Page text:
Huron Waves Music Festival
Formerly known as The Bach Music Festival of Canada, the Huron Waves Music Festival is a new festival that will showcase both Canadian and visiting international artists in an annual springtime music festival at a variety of venues in Grand Bend, Exeter and other nearby communities in Huron County. Programming will be coordinated by Artistic Advisor John Miller, the recently retired founder of Stratford Summer Music. The Festival program will comprise a variety of musical styles from jazz, big band, vocal, classical to contemporary. The Festival will also offer programs in area schools to benefit students, and professional development opportunities for area musicians.
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Huron Waves 2023 Season: Our Earth, Our Responsibility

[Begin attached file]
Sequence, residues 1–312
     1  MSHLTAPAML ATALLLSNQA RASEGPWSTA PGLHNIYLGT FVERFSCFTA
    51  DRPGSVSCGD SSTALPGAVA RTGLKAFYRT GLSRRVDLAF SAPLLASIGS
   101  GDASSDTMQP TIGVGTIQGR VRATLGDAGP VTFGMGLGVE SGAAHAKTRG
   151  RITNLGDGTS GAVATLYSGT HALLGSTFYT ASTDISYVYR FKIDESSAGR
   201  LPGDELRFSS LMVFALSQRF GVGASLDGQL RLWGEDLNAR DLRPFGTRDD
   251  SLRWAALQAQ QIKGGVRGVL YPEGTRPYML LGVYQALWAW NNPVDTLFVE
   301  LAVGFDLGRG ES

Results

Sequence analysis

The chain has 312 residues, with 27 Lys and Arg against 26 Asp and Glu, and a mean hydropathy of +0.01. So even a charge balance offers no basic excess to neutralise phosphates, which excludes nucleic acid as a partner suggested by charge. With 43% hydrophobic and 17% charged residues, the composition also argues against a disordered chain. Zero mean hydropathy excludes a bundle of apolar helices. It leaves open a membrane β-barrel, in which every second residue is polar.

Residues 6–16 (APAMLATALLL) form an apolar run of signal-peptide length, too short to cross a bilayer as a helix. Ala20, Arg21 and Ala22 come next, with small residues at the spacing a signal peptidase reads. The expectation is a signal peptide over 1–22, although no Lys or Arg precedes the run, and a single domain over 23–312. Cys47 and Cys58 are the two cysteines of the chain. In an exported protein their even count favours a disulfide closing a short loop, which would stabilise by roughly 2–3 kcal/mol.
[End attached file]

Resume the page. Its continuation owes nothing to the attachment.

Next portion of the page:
This application is for “Huron Waves 2023 Season: Our Earth, Our Responsibility”, a mix of free and paid programming taking place June 1 to 30, 2023 in the Trivitt Memorial Church auditorium in Exeter as well as at a variety of satellite locations. The centrepiece of the 2023 season will be a unique hanging/floating sculpture titled GAIA which will make its first Canadian festival appearance at Huron Waves. As the symbolic image and representation of the festival's 2023 theme, “Our Earth/Our Responsibility”, GAIA will be the inspiration for a range of music, video, and spoken word programming. GAIA is the creation of British inventor/facilitator, Luke Jerram, whose earlier work of this type, the “Museum of the Moon”, was featured at Stratford Summer Music in 2018. Programming includes: (1) “Quiet” (June 8): A free audio-visual immersive experience designed by Ontario composers Robin Dann, Allison Cameron and Matthew Pencer, inspired by their visits to the Arctic Circle; (2) “The Tree Project (June 15): Harpist Sharlene Wallace and Canadian composer Frank Horvat present musical interpretations of species of trees in Canada, with spoken words inspired by the celebrated Canadian arborist, Diana Beresford-Kroeger, author of To Speak for the Trees; (3) First Nation’s Specialty Program (June 21): Free programming including dancing, drumming, singing, teaching sessions, visual arts in partnership with the Kettle & Stony Point F.N. Reserve in nearby Lambton County; (4) “Huron Waves On the Move” (June 3, 4, 10, 11, 17, 18, 24 and 25): A mobile performance area set in neighbourhoods, family properties, and parks throughout Huron County arranged locally by a community of neighbours or individual hosts on their own properties. From a menu of one-hour programs, each site host will choose classical vocal or popular instrumental repertoire, contemporary jazz, percussion or Renaissance lute and guitar selections; (5) “Considering Matthew Shepard” (June 14): The Elora Singers will present a full oratorio by Craig Hella Johnson which will serve as both an account of and reflection on the anti-gay hatred that viciously ended Matthew Shepard's life; (6) “Sunset Sound Walks” (June 14, 15, 16, 17): Led by Canadian environmentalist/musician, Anne Bourne, these free audio experiences at various sites along the shores of Lake Huron will explore the music of nature and the Lake interface with humans; (7) “A Cree Cabaret” at the Dark Horse Estate Winery in Grand Bend (June 22): hosted by, and featuring the music and songs in Cree and English of Tomson Highway, with guest artists aboriginal soprano Patricia Cano and saxophonist Marcus Ali; (8) Four lectures (details tbd); and (9) Educational programming including a student guide that will include exercises for each elementary grade level 3-8 for pre and post visits to GAIA.